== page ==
Just to preface this review, as of writing, the online portion of the game is not to a playable standard in which I can realistically account towards the overall rating and thus, this will largely be a first impression of the offline aspects of the full title.
One Yard Closer
By Adam Sturrock
Platforms: Xbox 360, Xbox One, Ps3, PS4, PC and Mobile devices.
Every year heralds a new season: of nail biting finales, of swearing online abuse by taunting teens, of league titles and screamers, primed for the top corner of the net. FIFA is here, once again.
With the last installment, FIFA 14, being the first of many to be shifted into the next-gen era, it was widely thought that this was going to be the beginning of the pinnicle of sports simulation. While FIFA has come back in a familiar package that fans know and love, the little trimmings that have been added have inched the game even closer to the real thing but not pushed it by a mile in front of the competition.
The changes are largely technical this time around. With player emotions included in the gameplay, they moan and hassle at one another when a pass goes askew, they roar with delight when that last minute winner nestles in the net. But unless you were a FIFA veteran or incredibly thorough, you wouldn’t notice it. Arguably one of the biggest gameplay changes, however, will be noticed with regards to the players between the sticks; goalkeepers. What were formerly lumbering giants that flap at crosses, have now become agile panthers; leaping at incredible angles to tip shots around the post – to this writer’s frustration. The difficulty in scoring has definitely been ramped up considerably with shots destined away from the keeper and into the upper echelons of the net, somehow – unhumanly – caught one handed, facing away from goal, with one eye shut (not really but they are really hard to beat!). But to my relief they are inconsistent, often watching a close range shot bobble past them with dumbstruck awe. Not so perfect then.
For the most part, the changes that have been heralded as almost “game-changing” are in fact, really just a layer of makeup over the FIFA 14 skeleton. 15′ was the game everyone wanted 14′ to be; what they ultimately envisioned, but in the end, a year on, it doesn’t look like a massive leap but more of a slight nudge.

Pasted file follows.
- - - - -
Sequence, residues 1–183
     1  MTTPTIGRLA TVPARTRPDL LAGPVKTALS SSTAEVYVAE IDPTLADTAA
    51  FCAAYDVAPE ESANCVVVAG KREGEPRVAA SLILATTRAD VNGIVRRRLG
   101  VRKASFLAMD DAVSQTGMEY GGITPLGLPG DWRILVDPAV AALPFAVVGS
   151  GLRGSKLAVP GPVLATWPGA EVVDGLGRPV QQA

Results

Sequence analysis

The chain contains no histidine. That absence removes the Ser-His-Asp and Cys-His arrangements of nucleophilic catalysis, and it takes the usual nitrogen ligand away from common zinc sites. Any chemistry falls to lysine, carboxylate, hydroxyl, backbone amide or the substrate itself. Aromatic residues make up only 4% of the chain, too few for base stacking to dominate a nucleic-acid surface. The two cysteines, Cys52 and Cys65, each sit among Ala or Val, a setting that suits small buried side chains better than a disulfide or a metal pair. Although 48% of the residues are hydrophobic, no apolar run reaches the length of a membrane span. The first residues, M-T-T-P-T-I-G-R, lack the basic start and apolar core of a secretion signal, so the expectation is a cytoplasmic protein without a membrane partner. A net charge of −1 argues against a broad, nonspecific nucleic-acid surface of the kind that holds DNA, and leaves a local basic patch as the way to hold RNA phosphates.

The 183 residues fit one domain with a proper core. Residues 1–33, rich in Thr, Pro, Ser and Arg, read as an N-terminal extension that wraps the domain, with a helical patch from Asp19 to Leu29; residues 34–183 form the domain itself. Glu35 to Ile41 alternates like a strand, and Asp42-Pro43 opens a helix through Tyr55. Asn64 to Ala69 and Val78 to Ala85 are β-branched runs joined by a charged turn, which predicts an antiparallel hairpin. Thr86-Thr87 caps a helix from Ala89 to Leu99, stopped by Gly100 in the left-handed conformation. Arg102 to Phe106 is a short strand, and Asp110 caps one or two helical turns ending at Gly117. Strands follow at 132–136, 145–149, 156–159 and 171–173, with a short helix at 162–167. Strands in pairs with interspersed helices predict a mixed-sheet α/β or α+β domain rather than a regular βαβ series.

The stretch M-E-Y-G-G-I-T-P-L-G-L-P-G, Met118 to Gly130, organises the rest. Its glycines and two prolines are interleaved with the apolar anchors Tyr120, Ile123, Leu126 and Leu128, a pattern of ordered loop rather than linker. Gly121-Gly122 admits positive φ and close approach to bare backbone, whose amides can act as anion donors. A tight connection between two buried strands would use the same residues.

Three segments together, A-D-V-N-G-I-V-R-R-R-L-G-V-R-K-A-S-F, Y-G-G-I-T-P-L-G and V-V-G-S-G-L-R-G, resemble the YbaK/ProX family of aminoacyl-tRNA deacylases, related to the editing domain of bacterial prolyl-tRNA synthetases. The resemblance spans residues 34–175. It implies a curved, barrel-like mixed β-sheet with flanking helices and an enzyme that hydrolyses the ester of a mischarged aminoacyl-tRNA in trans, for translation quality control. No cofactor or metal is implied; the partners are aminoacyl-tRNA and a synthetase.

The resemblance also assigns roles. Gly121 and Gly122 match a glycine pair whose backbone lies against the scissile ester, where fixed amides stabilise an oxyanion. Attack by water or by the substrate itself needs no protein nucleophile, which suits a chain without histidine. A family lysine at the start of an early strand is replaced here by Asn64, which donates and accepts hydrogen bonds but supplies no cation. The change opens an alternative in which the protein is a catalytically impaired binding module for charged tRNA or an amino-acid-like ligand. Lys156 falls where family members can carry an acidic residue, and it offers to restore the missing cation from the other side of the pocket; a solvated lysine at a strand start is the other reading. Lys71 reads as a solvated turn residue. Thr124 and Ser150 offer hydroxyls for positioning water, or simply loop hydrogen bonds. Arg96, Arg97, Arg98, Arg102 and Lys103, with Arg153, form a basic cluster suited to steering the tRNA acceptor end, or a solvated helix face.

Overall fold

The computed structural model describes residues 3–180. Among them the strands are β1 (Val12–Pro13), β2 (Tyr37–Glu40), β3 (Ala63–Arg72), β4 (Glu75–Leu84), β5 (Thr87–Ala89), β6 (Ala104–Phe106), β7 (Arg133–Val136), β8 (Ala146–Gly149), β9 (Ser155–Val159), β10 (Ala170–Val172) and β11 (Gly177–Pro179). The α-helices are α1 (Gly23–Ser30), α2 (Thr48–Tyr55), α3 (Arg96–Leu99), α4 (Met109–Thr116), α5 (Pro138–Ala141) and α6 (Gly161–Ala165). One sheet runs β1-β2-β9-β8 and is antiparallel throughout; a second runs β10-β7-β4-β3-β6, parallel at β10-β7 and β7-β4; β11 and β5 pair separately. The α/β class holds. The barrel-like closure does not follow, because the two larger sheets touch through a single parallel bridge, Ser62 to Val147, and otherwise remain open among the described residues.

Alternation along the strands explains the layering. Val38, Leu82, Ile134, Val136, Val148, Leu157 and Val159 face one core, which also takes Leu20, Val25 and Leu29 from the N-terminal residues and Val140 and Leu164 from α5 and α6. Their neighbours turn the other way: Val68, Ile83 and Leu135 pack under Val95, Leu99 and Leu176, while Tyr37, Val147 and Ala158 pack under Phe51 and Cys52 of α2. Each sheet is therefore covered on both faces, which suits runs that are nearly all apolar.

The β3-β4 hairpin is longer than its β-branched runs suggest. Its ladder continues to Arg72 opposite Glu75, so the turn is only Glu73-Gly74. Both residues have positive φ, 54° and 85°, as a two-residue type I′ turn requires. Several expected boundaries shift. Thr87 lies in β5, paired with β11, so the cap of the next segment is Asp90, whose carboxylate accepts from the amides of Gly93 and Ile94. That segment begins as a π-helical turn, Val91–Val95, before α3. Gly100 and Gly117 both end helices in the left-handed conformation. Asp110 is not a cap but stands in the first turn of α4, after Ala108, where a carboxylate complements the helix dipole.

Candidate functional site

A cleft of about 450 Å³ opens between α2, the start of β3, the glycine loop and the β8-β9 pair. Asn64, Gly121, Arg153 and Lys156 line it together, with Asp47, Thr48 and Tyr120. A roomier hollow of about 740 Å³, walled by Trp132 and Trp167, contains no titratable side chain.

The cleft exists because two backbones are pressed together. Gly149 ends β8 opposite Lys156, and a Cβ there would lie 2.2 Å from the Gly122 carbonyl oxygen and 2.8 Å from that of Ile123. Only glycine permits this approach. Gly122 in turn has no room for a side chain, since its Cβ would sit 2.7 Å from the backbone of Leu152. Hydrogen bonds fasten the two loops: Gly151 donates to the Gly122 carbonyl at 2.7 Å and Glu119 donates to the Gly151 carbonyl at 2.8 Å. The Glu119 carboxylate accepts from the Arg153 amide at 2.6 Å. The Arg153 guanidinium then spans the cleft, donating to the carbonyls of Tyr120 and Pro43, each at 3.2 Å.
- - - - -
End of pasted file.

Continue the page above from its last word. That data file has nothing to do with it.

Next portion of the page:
The football pitch has now become a transforming aspect of the game, every skid, every dent, and every footprint slowly wears down the turf to the delight of the newly updated crowd mechanics. While some may not have noticed, the lighting has been revamped, bathing our favorite players in a pixilated sun. Shirts cling and pull away from players more realistically and when they go to ground, every muddy molecule is soaked into the kit.
If you could compare FIFA to a sports channel, you could say that it is the Sky Sports of football simulations. While they are both entertaining, they seem too pleased about their new toys when they show them off. For example, FIFA has always had the appeal of being able to pick up a controller and knock off two or three games in quick succession. This time around, however, this immediacy has been somewhat stunted by its shiny-new presentation format; rather than being able to slip back into the action after conceding a free kick, you have to watch the AI pick up the ball, place it on the ground and tee himself off before actually doing anything. In this respect, EA have kind of shot themselves in the foot. While playing a friend, so many times have I had to watch extended animations of unneeded actions that it actually became unbearable.
While aiming to look like the real thing is the overall goal, actually trying to pretend to be it has crossed the threshold of patience in some instances.
Is this the FIFA we expected? It depends to whom you ask that question. But it is undeniable that fans will arrive in their droves to relive another year of their favorite franchise.
What did you guys think? Do you think this is an improvement to the franchise or a stall? Let me know in the comment section below.